|Keywords:||Equity valuation; Dividend discount model (DDM); residual income valuation (RIV) model; Abnormal earnings (AEG) model; Discounted cash flow (DCF) model; Social Sciences; Economics and Business; Business Administration; Samhällsvetenskap; Ekonomi och näringsliv; Företagsekonomi; Social and Behavioural Science, Law; samhälle/juridik; Business Studies; Företagsekonomi|
|Full text PDF:||http://urn.kb.se/resolve?urn=urn:nbn:se:sh:diva-30377|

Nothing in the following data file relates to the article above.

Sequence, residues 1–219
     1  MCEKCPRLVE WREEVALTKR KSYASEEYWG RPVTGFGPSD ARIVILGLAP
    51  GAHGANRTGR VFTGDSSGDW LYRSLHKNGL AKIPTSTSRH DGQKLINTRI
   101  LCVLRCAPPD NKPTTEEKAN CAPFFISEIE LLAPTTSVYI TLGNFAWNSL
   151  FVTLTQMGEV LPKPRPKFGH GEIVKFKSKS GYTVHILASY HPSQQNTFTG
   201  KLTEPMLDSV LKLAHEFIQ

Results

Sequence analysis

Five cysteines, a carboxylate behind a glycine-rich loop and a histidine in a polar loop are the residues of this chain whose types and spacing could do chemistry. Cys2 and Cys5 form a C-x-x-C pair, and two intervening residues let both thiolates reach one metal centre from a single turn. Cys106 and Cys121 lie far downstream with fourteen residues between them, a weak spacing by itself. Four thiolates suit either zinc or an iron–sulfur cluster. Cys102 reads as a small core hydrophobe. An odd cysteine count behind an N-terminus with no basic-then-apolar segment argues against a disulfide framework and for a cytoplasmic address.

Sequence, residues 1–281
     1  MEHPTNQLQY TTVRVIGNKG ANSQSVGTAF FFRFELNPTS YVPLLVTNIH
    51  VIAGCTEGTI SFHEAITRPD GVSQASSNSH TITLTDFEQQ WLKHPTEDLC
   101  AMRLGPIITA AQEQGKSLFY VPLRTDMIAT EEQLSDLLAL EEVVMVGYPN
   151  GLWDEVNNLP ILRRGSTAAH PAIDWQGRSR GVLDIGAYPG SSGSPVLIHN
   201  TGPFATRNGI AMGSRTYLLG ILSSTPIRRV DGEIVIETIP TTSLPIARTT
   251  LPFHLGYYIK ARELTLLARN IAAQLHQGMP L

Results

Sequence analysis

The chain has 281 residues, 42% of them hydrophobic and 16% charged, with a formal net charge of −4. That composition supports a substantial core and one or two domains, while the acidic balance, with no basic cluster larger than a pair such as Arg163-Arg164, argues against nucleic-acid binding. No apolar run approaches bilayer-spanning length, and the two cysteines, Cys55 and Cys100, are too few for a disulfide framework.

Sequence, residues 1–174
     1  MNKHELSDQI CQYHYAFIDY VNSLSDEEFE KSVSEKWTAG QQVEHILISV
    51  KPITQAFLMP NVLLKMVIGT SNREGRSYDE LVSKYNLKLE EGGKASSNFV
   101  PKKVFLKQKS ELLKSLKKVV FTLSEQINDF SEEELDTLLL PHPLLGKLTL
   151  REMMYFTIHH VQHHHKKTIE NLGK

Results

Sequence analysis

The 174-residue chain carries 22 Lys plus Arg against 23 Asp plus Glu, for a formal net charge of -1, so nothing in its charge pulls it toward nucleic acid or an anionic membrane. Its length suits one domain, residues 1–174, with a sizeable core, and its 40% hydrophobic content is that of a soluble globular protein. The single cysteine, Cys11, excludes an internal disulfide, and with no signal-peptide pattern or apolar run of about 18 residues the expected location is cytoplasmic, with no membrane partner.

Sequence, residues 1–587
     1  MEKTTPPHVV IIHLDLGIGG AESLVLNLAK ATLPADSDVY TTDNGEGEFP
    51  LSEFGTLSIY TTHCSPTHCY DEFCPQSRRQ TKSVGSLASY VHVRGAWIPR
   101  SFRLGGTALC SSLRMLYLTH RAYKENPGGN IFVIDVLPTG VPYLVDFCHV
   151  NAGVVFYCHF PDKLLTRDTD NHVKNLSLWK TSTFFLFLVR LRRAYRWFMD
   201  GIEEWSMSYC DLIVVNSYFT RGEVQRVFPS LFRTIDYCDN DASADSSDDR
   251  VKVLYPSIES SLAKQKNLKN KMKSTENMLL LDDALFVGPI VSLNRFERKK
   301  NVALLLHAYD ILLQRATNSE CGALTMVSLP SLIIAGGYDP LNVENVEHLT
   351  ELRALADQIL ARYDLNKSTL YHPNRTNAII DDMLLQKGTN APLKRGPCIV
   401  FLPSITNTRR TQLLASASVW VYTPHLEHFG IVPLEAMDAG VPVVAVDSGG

The discounted cash flow model and relative valuation models are ever-increasingly prevalent in today’s investment-heavy environment. In other words, theoretically inferior models are used in practice. It is this paradox that has lead us to compare the discounted cash flow model (DCFM), discounted dividend model (DDM), residual income-based model (RIVM) and the abnormal earnings growth model (AEGM) and their relative accuracy to observed stockprices. Adding to previous research, we investigate their performance in relation to the OMX30 index. What is more, we test how the performance of each model is affected by an extension of the forecast horizon. The study finds that AEGM outperforms the other models, both before and after extending the horizon. Our analysis was conducted by looking at accuracy, spread and the inherent speculative nature of each model. Taking all this into account, RIVM outperforms the other models. In this sense, one can question the rationale behind investor’s decision to primarily use the discounted cash flow model in equity valuation.